I would let things stay as they are and I would encourage you to expand your social circle as part of your healing process. Don't force yourself into something that you don't seem to want just because you feel like it's what you should be doing or just because you feel like you won't get another chance. You don't need to act on every feeling you have, even the intense ones. (If you can, I would encourage you to examine what exactly is pushing you to date this guy, because I don't see much other than a sense of "we're going through the motions and should make this official and get on the relationship escalator", and I feel like untangling that root would help dissipate some of the intensity.)

Best of luck!
posted by buteo at 6:33 PM on June 2, 2016 [2 favorites]


OK this sounds terrible. You have minimum all contact with this person. No, you cannot be platonic soul mates because you've been physically intimidate. Also because your relationship sucks. Fighting should not make you think you'll never see them again. Disagree is natural, and should not feel this way.

Counseling counseling counseling to help you sort this out. This is how a bad relationship feels. Also, mindfulness training (meditation) may also help you tune into your feelings.
posted by Kalmya at 7:34 PM on June 2, 2016 [1 favorite]


One note of caution: if you're someone with a history of abusive relationships, then that's possibly the thing you're (currently) wired for. It's worth being careful when you find yourself thinking something is fate or soulmates.
posted by salvia at 9:42 PM on June 2, 2016 [3 favorites]


My wife and I had a slow and sort of tortured start. But there was no fighting. There was not fighting later. 13 years and 2 kids later? no fights so far.

Fighting is common but not healthy. Fighting is not a necessary component of attachment.

Sounds like you have sparks and co-dependence.
posted by French Fry at 8:53 AM on June 3, 2016


Even after we have a fight about something and I don't know if we will be in touch again, I always have this peaceful feeling that I know I'll see him again when we are ready. I feel safe and accepted with him in a way my past relationships have not made me feel. He is someone I can open up to about my family abuse and my genuine feelings

I don't think that's cause of him. I think it's because you've fought since your trauma to reclaim your feelings, your self-worth, and your ability to feel safe and accepted, and you have won.

You sound like you're on your way to being in a really great place. It sounds like he might have been a sort-of ok companion for some of that, but I'd guess you know in your heart of hearts that he won't be your lifelong partner on the journey. Don't be afraid to spend some of that journey alone, I've found it enormously helpful in terms of figuring out who I am and what I need.
posted by greenish at 10:17 AM on June 3, 2016


Thank you for the replies! They are all so insightful in their own way.

To address the fights: I'm sorry to be vague and I think I overstated them. We've actually just had one period of no-contact. It was when we first met and was following the dating model. It became too intense and we both said that it felt too much like a real relationship and we were feeling smothered. It wasn't so much a fight as a sudden flame-out.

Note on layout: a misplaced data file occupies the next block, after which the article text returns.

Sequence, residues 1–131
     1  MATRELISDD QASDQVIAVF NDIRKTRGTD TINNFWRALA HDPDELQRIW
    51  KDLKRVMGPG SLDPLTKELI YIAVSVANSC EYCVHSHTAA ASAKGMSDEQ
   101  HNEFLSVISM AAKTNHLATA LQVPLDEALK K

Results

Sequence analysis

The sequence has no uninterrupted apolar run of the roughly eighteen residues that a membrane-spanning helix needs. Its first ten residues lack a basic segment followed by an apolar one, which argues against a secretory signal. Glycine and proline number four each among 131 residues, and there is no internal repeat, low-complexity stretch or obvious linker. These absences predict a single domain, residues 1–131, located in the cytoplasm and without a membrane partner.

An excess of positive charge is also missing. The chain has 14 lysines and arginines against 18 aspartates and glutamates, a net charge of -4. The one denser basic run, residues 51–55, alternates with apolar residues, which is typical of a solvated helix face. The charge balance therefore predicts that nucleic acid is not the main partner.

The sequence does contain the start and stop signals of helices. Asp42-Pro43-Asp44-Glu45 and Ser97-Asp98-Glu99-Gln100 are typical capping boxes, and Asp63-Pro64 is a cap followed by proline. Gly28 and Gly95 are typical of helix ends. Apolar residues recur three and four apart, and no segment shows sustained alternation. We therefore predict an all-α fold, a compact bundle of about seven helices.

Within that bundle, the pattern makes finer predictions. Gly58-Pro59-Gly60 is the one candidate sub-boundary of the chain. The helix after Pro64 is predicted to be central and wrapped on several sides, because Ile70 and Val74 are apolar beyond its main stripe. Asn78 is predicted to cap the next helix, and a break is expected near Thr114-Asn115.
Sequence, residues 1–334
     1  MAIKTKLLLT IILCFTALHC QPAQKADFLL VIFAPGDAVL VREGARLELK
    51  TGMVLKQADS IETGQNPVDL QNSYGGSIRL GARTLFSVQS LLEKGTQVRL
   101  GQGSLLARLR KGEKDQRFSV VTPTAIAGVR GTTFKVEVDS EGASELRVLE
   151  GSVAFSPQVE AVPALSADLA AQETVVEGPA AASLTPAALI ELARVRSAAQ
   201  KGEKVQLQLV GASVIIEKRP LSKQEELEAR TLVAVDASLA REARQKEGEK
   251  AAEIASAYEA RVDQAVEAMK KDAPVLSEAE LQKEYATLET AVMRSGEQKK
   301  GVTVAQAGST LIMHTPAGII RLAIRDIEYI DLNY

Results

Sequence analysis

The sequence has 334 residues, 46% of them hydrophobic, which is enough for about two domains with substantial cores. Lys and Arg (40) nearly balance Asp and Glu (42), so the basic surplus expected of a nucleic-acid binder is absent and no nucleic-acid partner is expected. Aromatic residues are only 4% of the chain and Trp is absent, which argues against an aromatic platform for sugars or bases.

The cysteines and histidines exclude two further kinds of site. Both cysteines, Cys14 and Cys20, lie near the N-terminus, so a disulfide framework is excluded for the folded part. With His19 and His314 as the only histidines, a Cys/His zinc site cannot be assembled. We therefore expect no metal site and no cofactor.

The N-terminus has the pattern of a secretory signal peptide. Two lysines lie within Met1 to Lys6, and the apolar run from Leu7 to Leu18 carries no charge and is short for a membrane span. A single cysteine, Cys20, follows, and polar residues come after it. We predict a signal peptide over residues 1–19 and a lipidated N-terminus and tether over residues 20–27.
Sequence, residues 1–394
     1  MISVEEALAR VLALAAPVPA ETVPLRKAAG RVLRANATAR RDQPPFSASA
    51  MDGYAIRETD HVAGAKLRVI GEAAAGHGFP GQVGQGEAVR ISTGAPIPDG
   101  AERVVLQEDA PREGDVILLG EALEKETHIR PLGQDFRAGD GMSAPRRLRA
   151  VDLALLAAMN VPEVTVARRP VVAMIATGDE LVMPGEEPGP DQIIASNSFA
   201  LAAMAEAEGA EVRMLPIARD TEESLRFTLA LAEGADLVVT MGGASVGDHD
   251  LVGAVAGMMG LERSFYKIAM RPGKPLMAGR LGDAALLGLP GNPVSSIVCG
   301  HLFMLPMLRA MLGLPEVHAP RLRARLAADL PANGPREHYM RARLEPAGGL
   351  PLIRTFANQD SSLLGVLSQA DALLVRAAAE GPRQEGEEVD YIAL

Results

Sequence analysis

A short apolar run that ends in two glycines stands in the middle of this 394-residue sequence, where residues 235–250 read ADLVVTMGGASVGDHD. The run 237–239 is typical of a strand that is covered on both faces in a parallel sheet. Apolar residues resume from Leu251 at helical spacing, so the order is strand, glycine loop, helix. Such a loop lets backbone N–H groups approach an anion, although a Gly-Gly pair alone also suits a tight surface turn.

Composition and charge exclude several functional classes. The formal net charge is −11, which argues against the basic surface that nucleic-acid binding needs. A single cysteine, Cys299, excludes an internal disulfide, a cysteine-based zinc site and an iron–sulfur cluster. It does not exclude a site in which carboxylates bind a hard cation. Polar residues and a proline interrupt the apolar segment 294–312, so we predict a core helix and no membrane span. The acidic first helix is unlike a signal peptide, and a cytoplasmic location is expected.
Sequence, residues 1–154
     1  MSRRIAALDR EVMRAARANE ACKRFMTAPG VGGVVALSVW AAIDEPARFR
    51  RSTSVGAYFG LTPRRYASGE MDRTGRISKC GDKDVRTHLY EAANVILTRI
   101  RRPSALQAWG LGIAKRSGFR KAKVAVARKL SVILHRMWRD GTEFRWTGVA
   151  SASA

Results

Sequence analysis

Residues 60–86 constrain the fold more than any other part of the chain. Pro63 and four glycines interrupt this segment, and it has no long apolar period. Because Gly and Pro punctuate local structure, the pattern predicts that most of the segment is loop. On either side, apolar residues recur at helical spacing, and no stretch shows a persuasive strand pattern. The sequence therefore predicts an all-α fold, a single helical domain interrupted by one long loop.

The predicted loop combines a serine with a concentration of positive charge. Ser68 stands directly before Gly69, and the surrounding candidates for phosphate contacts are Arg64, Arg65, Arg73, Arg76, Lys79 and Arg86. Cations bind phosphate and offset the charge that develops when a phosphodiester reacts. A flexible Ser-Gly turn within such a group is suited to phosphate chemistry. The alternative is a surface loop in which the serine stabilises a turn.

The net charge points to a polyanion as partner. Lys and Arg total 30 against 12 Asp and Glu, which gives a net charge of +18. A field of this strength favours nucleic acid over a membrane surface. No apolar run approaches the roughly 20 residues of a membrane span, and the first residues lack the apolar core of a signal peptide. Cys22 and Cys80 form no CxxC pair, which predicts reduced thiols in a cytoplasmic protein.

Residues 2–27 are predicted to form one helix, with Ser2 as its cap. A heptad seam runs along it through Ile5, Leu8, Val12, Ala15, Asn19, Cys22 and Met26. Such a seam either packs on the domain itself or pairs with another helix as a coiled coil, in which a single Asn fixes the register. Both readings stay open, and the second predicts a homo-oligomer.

A few months after that, he got back in touch. We saw each other twice, with good interactions.

But then, a few months ago, two things happened: (1) my ex physically assaulted me and verbally abused me with a word I've never been called before; (2) I went to see my OKC-man and he used the same word, although in a different and non-abusive context. I didn't understand how I had associated that word with violence, and just freaked out. I started invalidating everything he was saying, which then triggered him. He asked me to leave, which I felt was rude so I didn't speak to him again. He reached out to apologize about a month after that and we have been good since. He has continually apologized and been sensitive about the word. I have also apologized. It's a word that's unfortunately used often in common parlance but is associated with violence against women as well.

Even if I overstated the fights, I think the comments about how there is something I'm uncomfortable with are right on. He might simply not provide the entirely safe relationship that I want, because I know that he is himself going through a transition. My distrust might have nothing to do with him so much as a recognition that we are both in transition periods. I don't want to start a relationship like this in case one or neither of us is sufficiently "settled" into our post-LTR lives. I hope that makes sense.

Thank you again. So grateful for this community.
posted by minoraltercation at 1:49 PM on June 3, 2016


It's a word that's unfortunately used often in common parlance but is associated with violence against women as well.

Be very, very careful with any guy who uses words like this "affectionately" or "playfully".

The best case scenario is that he is careless or clueless (which means he might not be competent in emotional labor, which requires attention and effort). The worst case scenario is that he has abusive tendencies and is testing your boundaries. All abusers do that, one way or the other, often disguised as a joke, a flippant remark, a playful provocation.
posted by sively at 6:34 AM on June 4, 2016